Smithsonian Celebrates Life and Legacy of Queen of Salsa Celia Cruz

March 31, 2005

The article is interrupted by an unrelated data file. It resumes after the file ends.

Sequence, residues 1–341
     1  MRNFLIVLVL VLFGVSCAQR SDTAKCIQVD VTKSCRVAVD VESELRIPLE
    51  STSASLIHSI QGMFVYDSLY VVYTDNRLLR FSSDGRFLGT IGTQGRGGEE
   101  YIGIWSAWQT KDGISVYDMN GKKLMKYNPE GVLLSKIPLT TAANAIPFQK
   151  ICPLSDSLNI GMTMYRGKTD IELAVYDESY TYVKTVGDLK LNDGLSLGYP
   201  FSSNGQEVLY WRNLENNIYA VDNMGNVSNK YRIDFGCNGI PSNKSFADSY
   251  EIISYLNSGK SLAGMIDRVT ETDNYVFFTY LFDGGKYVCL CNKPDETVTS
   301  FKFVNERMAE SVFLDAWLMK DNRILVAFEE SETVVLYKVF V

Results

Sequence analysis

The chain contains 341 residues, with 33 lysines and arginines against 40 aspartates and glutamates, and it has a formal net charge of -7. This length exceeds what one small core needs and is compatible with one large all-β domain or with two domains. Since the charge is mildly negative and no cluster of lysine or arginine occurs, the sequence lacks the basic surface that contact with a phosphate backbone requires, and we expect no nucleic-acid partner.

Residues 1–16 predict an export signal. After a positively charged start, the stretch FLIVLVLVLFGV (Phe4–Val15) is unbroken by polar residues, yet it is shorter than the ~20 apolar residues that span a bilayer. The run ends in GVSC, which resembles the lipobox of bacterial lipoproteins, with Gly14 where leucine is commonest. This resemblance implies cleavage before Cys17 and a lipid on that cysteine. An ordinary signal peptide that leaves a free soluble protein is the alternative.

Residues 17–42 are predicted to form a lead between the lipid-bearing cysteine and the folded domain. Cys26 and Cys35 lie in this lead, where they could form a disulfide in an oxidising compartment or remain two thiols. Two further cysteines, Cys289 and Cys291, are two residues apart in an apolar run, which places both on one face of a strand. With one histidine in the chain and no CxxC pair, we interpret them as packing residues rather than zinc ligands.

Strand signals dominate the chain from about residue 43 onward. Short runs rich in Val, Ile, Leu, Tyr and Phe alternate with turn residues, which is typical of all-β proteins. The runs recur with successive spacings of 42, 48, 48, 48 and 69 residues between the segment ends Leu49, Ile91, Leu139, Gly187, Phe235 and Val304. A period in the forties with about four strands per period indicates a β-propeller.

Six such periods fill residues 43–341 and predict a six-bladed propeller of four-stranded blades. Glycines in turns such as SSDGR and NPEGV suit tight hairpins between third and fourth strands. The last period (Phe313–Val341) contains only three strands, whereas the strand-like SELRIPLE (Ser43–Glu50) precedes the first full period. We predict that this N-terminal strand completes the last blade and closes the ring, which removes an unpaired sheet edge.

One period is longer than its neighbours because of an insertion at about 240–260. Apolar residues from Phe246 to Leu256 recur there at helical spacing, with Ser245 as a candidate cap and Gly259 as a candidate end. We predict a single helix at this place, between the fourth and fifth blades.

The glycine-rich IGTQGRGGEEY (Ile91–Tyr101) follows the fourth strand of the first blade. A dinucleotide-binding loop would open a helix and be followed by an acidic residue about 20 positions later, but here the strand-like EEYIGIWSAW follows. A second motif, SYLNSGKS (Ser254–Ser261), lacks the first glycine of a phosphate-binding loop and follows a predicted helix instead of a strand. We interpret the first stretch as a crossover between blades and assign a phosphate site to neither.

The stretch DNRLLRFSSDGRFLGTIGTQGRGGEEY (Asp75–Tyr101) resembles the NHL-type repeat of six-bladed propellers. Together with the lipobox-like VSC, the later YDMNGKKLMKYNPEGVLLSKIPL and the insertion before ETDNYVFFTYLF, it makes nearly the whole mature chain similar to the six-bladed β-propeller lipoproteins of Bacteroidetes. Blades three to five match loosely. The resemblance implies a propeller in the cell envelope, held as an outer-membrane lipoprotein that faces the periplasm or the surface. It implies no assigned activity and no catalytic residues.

The Smithsonian’s National Museum of American History will explore the life of legendary Cuban-born singer Celia Cruz (1925 – 2003) and her impressive career with “¡Azúcar! The Life and Music of Celia Cruz,” a new exhibition opening May 18, 2005. Morgan Stanley is the presenting sponsor of the exhibition, with additional support provided by the Smithsonian Center for Latino Initiatives. The museum is developing a traveling exhibition that will begin its national tour in 2007. “Celia Cruz embodied the American Dream and the story of her life and career will allow our visitors to explore the themes of American identity and the many contributions Latinos have made to American culture and popular music,” said museum director Brent D. Glass. Over the course of a career that spanned six decades and took her from humble beginnings in Havana, Cuba to a world-renowned artist, Celia Cruz became the undisputed Queen of Latin Music. Combining a piercing and powerful voice with a larger-than-life personality and stage costumes, she was one of the few women to succeed in the male dominated world of Salsa music. Upon her death, she was celebrated around the world as the “Queen of Latin Music” and the “Queen of Salsa.” Salsa is music born in New York City of Cuban and other Afro-Caribbean mixed musical genres. In her personification of Salsa, Cruz came to represent all Latinos. “¡Azúcar!” will highlight important moments in Cruz’ life and career through photographs, personal documents, costumes, rare footage, music videos and music. The show will begin with her childhood and early appearances with the band, “La Sonora Matancera,” in Cuba. Among the dozen featured costumes will be a dress from a 1950s performance in Cuba and the dress she wore at her last public appearance, designed by Narciso Rodríguez. The exhibition title, “¡Azúcar!”—meaning sugar—is taken from her famous rallying cry. To view the exhibition and for updates on the traveling version of “¡Azúcar! The Life and Music of Celia Cruz” visit http://americanhistory.si.edu/celiacruz. The National Museum of American History traces American heritage through exhibitions of social, cultural, scientific and technological history. Collections are displayed in exhibitions that interpret the American experience from Colonial times to the present. The museum is located at 14th Street and Constitution Avenue N.W., and is open daily from 10 a.m. to 5:30 p.m., except Dec. 25. For more information, visit http://americanhistory.si.edu or call (202) 633-1000 or (202) 357-1729 (TTY).